600: How This COO Turns Gary Vaynerchuk's Vision Into Reality w/ James Orsini

ABOUT THIS EPISODE

In this episode we talk to James Orsini, COO at VaynerMedia.

LinkedIn: https://www.linkedin.com/in/james-orsini-4b1aaa7/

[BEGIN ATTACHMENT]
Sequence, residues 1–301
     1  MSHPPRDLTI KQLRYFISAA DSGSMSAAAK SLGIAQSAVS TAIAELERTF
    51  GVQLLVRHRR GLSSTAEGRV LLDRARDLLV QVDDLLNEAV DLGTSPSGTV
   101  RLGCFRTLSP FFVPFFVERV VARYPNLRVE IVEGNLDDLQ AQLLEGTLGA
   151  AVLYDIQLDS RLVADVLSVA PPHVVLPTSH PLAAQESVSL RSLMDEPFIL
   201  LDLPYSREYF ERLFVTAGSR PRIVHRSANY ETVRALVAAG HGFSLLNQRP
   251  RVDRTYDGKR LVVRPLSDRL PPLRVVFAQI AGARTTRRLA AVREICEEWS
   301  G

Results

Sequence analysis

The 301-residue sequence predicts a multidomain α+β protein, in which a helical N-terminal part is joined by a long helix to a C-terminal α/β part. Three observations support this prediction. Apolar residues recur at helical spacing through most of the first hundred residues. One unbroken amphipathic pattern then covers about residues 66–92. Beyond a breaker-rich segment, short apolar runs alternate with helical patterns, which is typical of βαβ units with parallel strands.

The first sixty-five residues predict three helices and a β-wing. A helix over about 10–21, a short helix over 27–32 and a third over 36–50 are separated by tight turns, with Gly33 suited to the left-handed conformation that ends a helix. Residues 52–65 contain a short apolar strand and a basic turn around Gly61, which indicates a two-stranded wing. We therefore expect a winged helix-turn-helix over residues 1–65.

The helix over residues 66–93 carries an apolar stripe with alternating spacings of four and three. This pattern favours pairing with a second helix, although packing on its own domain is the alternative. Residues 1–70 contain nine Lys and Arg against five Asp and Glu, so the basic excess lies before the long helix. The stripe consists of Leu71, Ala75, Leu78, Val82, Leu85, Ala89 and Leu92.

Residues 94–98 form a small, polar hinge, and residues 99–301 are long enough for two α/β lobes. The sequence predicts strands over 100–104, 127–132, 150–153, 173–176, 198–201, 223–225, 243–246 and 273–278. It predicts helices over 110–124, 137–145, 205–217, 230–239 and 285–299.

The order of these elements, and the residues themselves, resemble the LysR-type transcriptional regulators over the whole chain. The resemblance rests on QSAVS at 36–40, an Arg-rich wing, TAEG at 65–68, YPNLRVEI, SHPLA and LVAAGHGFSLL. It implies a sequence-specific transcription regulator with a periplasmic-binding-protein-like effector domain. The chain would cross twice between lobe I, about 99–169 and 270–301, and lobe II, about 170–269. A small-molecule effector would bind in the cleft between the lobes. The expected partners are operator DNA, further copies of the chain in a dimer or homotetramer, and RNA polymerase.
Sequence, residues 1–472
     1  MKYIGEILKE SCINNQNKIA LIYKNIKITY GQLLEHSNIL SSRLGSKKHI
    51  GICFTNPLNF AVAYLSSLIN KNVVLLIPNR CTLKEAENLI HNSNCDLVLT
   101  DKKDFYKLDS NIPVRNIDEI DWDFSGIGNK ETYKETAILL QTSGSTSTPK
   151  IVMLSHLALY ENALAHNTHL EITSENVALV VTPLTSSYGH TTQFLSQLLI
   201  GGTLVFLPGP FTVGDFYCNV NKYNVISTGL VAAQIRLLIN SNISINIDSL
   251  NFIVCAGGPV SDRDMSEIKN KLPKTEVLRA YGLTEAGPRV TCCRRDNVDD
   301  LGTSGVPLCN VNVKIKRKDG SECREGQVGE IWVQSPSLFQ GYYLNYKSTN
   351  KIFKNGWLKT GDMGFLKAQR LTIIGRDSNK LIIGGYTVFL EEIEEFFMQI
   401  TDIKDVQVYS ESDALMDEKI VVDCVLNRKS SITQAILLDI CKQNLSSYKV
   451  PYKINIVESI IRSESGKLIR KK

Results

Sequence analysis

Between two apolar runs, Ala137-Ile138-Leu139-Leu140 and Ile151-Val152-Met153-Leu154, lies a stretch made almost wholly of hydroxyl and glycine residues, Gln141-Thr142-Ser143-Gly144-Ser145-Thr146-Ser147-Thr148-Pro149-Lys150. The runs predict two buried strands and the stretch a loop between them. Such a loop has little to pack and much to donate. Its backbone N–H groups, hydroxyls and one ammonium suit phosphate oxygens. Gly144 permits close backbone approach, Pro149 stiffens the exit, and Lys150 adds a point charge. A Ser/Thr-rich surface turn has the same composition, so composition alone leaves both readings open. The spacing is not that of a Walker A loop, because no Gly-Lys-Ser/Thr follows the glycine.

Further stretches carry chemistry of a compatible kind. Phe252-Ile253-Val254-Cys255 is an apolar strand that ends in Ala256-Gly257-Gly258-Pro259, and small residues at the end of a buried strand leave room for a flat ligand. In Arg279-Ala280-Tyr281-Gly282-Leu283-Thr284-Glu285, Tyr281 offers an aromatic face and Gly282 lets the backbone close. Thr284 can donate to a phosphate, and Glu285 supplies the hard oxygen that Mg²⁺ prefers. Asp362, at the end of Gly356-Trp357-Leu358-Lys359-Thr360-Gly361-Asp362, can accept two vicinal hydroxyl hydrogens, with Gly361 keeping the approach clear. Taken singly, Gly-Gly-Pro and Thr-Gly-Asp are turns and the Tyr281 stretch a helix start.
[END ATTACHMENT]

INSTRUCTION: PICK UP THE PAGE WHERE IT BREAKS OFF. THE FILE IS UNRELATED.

A relationship with the right referral partnercould be a game changer for any BBB company. So what if you couldreverse engineer these relationships at a moment's notice, start a podcast, invite potential referralpartners to be guests on your show and grow your referral network faster thanever? Learn more at sweetish MEDIACOM. You're listening to the B tob growthshow, a podcast dedicated to helping be to be executives achieve explosive growth.Whether you're looking for techniques and strategies or tools and resources, you've come tothe right place. I'm James Carberry and I'm Jonathan Green. Let's get intothe show. Welcome back to the BB growth show. We are here todaywith James or seeny. He is the chief operating officer at Vaner media.James, how you doing today? I'm great, James. Thanks so muchfor giving me the time. I appreciate you chatting with me today. James. We're going to be talking about something that I think is going to befascinating for myself and for the folks listening, with you being the CEO at theInter Media Obviously, Gary Vanyard truck being the the CEO. They're sucha visionary leader. We're going to be talking about, you know, howdo you take ideas from someone who is a legendary of visionary and actually distilledthem into kind of tangible plans and action? But before we do that, forfor that maybe handful of that are not familiar with vainter media. James, could you explain? You know, what is vener media? What areyou guys up to up there? Yeah, we are a full service digital agencywith really a social edits core and its roots. But the Gary isnow created a holding company and Vainer X, which includes a traditional agency model,if you will, with account and creative and planners. We have afull service media planning and buying division, we have a full service of productionstudio and then it's augmented by a series of other offerings, including e commerceand smart products and a talent division and a small business division and experiential group. So Gary is really building a kingdom here under the veiner x umbrella.I love it. I love it, and so, James, just soour listeners can't understand just a little bit more contacts. Can you share abit of your journey and kind of what was the path that ultimately allowed youto cross pass with with Gary? Yeah, it was. It was funny.So I've spent the better part of the last twenty five years in theadvertising space. In one we share, or form, I promise, inpublic relations, which in a company that's now part of the MS andl group. And then I was at interbrand, the branding company, where I servedboth as is chief financial and chief operating officer. In the funny part was, you know, this had you get...